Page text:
This weekend is the Destinations Travel Show at Earl’s Court. I’m on so many mailing lists for various travel agencies that I ended up with four free tickets for it, so I went yesterday.

A travel show is a strange thing. First off, the word ‘show’ is completely inappropriate; there was a stage at the back with various national dances going on but that was at the margins of the event. The main experience is that of flitting from stall to stall, collecting brochures and talking to reps. The aim is reportedly to provide the opportunity for people to discover new places, broaden their holidaying horizons, etc., but I think the underlying reason is what I call ‘far-flungerie’.

In the 2006 edition of The Traveller’s Handbook Devla Murphy mentions an imaginary country, Far Flungery, a place “where nobody within 200 miles speaks a syllable of any European language” (p. 18). The country of Far Flungery represents a destination for the traveller who seeks, above all else, difference: a cultural as well as a physical distance from everyday life. However, to me, this phrase has become an occupation, which I spell ‘far-flungerie’; it’s like armchair travel, but slightly less passive. Far-flungerie is detailed planning of trips, as well as reading about other people’s travels. The internet is an enormous boon: sites like The Man In Seat 61 or Trip Advisor can soak up hours of speculative far-flungerie. Sometimes these plans are in earnest, and sometimes they are just thought-experiments: how long would it take to get from London to India by train? Can you cross the Atlantic on a tall ship? What route would I take if I drove across America? Google Maps is also fantastic for this: try zooming in on the satellite view of Samarkand or Ankhor Wat.

The most extreme form of far-flungerie I have ever come across is in my favourite trilogy, Miklos Banffy’s ‘The Writing on the Wall’. In book 3, ‘They Were Divided’, Balint Abady comes across his friend Farkas Alvinczy at home:

After more somewhat desultory talk between them Farkas finally spoke of the map that covered the table and which had been carefully attached to it by metal clips. It represented the Indian Ocean, from Aden to the Malacca Straits. When Balint asked why he was studying this map Farkas for the first time became quite animated and eloquent.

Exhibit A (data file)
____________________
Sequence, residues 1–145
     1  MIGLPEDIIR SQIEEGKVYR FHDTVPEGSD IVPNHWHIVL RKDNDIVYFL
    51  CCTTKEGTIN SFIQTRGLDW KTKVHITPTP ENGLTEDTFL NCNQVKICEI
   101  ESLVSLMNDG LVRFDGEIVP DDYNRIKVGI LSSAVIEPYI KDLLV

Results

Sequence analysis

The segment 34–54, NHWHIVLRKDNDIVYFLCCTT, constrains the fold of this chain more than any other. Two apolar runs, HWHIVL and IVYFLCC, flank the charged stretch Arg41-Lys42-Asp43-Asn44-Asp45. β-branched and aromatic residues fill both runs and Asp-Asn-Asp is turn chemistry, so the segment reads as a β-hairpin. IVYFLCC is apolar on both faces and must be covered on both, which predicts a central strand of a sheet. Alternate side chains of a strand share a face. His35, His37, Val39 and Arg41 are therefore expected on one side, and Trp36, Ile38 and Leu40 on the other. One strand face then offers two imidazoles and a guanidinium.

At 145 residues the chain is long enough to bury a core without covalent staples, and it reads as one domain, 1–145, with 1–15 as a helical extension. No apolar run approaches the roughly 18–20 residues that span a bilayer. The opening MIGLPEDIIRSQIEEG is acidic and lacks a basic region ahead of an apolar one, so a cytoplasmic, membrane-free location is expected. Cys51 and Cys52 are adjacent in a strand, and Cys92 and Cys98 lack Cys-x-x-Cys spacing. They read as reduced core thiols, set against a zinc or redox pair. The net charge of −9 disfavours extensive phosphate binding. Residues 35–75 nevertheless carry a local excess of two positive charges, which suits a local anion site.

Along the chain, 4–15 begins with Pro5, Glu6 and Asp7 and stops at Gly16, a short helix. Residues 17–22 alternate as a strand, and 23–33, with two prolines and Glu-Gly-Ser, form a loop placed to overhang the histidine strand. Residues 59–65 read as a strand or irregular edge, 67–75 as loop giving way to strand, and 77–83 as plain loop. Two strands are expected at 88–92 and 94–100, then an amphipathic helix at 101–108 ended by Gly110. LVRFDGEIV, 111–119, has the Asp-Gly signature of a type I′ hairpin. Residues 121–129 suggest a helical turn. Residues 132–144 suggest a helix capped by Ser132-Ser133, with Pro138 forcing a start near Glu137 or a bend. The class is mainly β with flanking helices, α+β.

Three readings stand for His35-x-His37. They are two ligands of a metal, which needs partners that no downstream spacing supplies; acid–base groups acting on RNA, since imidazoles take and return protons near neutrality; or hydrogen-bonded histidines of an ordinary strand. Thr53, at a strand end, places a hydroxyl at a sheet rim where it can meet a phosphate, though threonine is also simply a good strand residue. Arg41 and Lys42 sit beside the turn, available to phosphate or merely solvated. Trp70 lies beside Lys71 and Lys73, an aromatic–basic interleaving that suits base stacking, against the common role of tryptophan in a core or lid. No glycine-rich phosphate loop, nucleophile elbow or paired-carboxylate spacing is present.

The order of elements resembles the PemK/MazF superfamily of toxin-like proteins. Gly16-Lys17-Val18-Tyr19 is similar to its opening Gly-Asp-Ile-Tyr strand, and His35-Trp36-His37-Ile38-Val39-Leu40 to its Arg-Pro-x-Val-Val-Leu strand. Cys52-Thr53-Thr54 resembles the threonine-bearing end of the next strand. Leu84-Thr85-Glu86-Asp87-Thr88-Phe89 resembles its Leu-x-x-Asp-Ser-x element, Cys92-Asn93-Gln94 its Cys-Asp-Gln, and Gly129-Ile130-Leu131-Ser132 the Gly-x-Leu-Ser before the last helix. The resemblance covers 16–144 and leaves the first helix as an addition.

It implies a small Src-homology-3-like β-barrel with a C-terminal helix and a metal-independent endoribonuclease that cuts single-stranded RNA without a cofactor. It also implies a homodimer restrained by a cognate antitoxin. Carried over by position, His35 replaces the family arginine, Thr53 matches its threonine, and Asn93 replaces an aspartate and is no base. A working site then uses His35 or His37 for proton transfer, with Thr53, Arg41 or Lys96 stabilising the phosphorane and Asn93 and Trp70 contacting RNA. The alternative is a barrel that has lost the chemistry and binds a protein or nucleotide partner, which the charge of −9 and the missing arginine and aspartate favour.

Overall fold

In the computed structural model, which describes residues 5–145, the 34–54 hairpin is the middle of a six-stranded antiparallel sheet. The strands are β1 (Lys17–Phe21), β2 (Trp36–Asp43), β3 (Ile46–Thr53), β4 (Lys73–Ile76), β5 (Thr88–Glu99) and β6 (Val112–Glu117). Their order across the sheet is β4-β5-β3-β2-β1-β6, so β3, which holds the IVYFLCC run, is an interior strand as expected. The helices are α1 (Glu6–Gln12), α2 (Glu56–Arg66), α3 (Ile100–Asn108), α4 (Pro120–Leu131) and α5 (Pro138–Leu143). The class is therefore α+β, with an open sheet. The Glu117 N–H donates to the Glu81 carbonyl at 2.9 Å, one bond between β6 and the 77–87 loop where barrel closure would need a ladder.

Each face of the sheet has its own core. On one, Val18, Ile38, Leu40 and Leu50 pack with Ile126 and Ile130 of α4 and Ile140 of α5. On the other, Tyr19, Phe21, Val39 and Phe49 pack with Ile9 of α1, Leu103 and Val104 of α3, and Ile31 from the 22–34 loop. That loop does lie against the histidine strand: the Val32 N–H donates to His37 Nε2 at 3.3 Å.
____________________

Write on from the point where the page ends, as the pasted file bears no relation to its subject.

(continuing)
‘That is where I’m travelling at present! You see? Today my ship arrived here!’ […] He pointed to a steel pen head which had been placed on the blue coloured sea, pointing to Ceylon at the foot of the pink-coloured sub-continent of India. ‘This pen here, that is my ship. Every day I push it forward the distance travelled in the previous twenty-four hours, according to this book. The day before yesterday we left Bombay, and tomorrow we shall arrive at Colombo.’

He told how he had travelled like this for the last two years. He had ordered accounts of voyages and the corresponding maps, and each day he read just as much as was covered by that day – no more, for that would be cheating. Like this it was just as if he were making the voyage himself. If the traveller wrote that he had spent five days at sea with nothing to relate, then Farkas waited five days before reading on or marking the map.

‘But isn’t that rather dull, making yourself wait five days?’

‘Not at all! Time goes by. Sometimes faster than you’d imagine. I think about the sea and about my travelling companions. I dress for dinner in the evenings – you always do on a luxury liner, you know.’

He told Balint he was now a much-travelled man. The previous year he had rounded Cape Horn, visited Terra del Fuego and indeed ‘done’ South America. He had also been to the South Pole and back. It had been beautiful and most interesting even though it had been a shorter trip that he really liked.

‘This one is very good. The weather’s lovely and so far the sea has been quite calm!’

Balint looked hard at Alvinczy wondering if he was making fun of him and was just saying all this for a joke, but it was clear he meant everything he said and took it all very seriously. […] [‘They Were Divided’ Arcadia 2003, p. 287-288]

This of course is far beyond the borders of the eccentric, but harmlessly so. A slightly more rational form of this occupation is, I imagine, taking place throughout London at the moment by people like me who, stocked up with holiday brochures, are happily studying the suggested itineries of far-flung trips, half with the intention of going in the future and half, like Farkas, with the intention of travelling right now in our minds.


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